If we Americans have learned anything over the last 20 years, it’s that Australia is hell on earth. Spiders bigger than your face, jellyfish that can kill you from ten miles away, sharks, Yahoo Serious. . . it’s the kind of place we should really nuke from orbit. It’s the only way to be sure.
At its dark little heart, the 1978 Australian film Long Weekend is about hell, and the different ways that concept can manifest itself into reality.
I detest romantic comedies. They are often decidedly unromantic and terribly unfunny. Throw drama into the mix and it’s even worse: concocted conflicts and clichéd characters. Horror comedies are a more palatable but often hit or miss. Combining all four genres seems like a bad idea. Somehow Spring manages to do that and still be terrific. It’s the best romantic comedy/drama horror movie you’ve seen yet.
In 1972, African-American writer, director, and actor Bill Gunn was given free reign to make a film that would capitalize on the success of Blacula. The result was the bizarre yet beautiful Ganja & Hess, his rumination on addiction, religion, and African-American culture, which would thrill audiences at Cannes, only to be savaged by critics upon its eventual release. The producers re-edited and repackaged Ganja & Hess as Black Vampire and the film was mostly forgotten.
But Bill Gunn never forgot. In 1973 he wrote a scathing letter to the NY Times, which said, among other things, “Your newspapers and critics must realize that they are controlling black theater and film creativity with white criticism.” Sadly, Gunn died in 1989, after making only one more film, 1980′s Personal Problems.
Oh how we all get richer / Playing the rolling game
Only the poor get poorer / We feed off them all the same
—Society‘s version of the Eton Boating Song
How do you explain a movie like Brian Yuzna’s Society? It truly is one of those things you must experience for yourself. The 1989 film is an important chapter in the body horror/ero goru subgenre, but it’s also just plain weird.
Jobriath A.D. tells the story of singer and would-be glam rock star Jobriath’s career and personal life. It focuses on the period when he was professionally active between 1968 and his death in 1983. His story is told nearly entirely from interviews with people who were involved in his life and career at the time or people who were influenced professionally by his work. There is some narration (by Henry Rollins, no less) to tie parts of the interviews together, and a series of animations provide visual interest and make up for the fact that there exists very little actual footage of Jobriath.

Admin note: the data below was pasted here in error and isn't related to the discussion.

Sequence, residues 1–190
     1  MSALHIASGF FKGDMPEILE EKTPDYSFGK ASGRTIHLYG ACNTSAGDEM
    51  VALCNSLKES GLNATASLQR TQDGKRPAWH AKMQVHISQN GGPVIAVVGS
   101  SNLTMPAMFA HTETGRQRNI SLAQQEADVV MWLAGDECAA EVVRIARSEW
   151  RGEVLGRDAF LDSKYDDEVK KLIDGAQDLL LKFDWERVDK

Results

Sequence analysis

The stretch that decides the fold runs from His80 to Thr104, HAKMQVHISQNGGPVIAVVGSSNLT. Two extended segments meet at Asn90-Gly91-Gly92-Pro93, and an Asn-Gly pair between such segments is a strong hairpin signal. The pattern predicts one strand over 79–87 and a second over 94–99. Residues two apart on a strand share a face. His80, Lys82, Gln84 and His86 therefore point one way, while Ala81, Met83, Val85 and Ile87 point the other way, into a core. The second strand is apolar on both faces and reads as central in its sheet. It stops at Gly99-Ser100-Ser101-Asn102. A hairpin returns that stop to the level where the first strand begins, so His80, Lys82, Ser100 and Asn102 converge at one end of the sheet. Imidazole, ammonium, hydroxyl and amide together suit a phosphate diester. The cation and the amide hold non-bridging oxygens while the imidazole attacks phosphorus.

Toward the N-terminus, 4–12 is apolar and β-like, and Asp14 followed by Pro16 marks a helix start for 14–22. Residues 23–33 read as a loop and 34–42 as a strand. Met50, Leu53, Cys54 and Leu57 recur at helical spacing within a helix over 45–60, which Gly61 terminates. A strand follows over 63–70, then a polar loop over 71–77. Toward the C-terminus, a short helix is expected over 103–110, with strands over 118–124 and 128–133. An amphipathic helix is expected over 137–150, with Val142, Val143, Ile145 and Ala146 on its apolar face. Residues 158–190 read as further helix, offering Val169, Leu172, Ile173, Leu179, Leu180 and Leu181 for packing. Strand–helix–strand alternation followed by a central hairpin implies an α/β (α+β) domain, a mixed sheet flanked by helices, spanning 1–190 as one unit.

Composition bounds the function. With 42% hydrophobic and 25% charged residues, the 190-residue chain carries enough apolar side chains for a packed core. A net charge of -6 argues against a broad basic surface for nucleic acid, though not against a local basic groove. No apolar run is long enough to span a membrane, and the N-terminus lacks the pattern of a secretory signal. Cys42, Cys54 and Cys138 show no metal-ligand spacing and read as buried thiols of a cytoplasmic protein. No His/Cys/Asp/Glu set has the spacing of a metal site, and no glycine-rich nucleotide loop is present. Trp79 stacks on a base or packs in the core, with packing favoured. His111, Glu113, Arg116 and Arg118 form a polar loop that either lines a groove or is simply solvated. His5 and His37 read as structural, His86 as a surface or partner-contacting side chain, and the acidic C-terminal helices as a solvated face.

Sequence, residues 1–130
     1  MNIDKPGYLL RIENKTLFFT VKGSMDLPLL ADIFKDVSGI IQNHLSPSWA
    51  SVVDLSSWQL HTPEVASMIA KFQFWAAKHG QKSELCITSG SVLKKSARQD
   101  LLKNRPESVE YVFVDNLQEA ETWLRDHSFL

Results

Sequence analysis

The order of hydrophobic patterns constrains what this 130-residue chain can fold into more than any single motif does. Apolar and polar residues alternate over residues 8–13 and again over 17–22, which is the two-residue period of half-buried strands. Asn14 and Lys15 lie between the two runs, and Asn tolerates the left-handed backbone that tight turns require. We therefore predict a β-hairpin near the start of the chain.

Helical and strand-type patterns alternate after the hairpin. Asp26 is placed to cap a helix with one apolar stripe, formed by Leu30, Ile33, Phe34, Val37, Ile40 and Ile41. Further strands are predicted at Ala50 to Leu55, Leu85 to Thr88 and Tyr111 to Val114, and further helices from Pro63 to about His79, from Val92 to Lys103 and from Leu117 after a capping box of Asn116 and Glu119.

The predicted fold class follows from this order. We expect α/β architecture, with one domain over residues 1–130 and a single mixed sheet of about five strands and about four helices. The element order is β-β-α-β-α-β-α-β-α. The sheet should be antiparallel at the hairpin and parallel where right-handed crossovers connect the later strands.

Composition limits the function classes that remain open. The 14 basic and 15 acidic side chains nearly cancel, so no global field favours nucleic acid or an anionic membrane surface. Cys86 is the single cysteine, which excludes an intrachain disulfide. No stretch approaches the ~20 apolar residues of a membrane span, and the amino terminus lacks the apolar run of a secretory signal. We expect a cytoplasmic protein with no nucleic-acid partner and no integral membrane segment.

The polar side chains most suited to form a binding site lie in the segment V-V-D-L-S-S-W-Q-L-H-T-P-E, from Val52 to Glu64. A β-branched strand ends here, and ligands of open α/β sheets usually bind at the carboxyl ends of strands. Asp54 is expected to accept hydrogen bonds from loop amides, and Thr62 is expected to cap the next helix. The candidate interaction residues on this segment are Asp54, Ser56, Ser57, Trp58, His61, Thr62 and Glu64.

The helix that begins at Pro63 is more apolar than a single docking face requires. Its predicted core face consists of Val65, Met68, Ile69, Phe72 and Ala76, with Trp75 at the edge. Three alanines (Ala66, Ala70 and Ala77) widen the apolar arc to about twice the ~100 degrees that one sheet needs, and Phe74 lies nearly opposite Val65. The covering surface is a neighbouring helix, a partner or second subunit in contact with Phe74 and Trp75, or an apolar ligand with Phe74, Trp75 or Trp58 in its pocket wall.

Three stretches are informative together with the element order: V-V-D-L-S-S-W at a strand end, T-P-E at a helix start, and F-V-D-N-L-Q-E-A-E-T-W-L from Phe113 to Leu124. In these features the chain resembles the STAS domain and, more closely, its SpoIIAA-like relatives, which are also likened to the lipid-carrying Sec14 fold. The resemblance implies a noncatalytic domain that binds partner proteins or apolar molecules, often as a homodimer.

When approached with the right mindset, there can be few things better than a low-budget horror film. Limited funding can force creativity and turn a small story into something greater. This is not always the case, as anyone who has been burned by a late-night drunken Netflix choice knows. Cheap computer generated effects can snap a viewer out of a movie like cracking a roasted peanut out of its shell. Unfortunately, that’s the route most filmmakers choose to take.
The guiding hands behind the films Gut and Phobia have chosen the road less traveled by, and their finished products are all the better for it.
As I’ve been going through the movies that Olive Films has reissued, I’ve been finding some that are truly unique, amazing, and kind of unknown. One of these is called The Weapon.
Since childhood, I’ve wanted to make movies. Last night I got to watch a documentary about a group of kids who were determined to make a shot for shot remake of Raiders Of The Lost Ark. Raiders! tells the story of this incredible attempt and the resulting admirable success.
If you’re an actual human being with dignity, you already know racism is a terrible thing. Well, if you’re racist against racists then I guess that’s OK. . . or stupid people. Hell, I’m a racist then.
We all know it exists but I think the world is unfamiliar with how bad it is sometimes. The news doesn’t broadcast a lot of these kinds of things. One person I think people are definitely unfamiliar with is Craig Cobb. I’d heard of Cobb before seeing Welcome To Leith, but this film showed me who Cobb really is. A lot of words come to mind trying to describe Cobb, but to put it simply: he’s a fucking racist. A big one.
One & Two is the best superhero origin movie ever despite the fact that it’s not based on any existing superheroes and is a completely original story. It’s rad as hell.
The story revolves around a brother and sister—Eva (Mad Men‘s Kiernan Shipka) and Zac (Timothée Chalamet)—who share something special: They are able to do something that no one else can. Their mother has severe seizures and the clock is ticking down to her last remaining days. Their father is an emotional trainwreck from trying to cope with his wife and what he knows his children can do. Eva and Zac spend their nights playing around with their capabilities, but their father forbids it and asks them numerous times to stop. One night something life changing happens to their family and the father kicks Eva out of their home. From then on, it’s up to Eva to make the biggest decision of her life.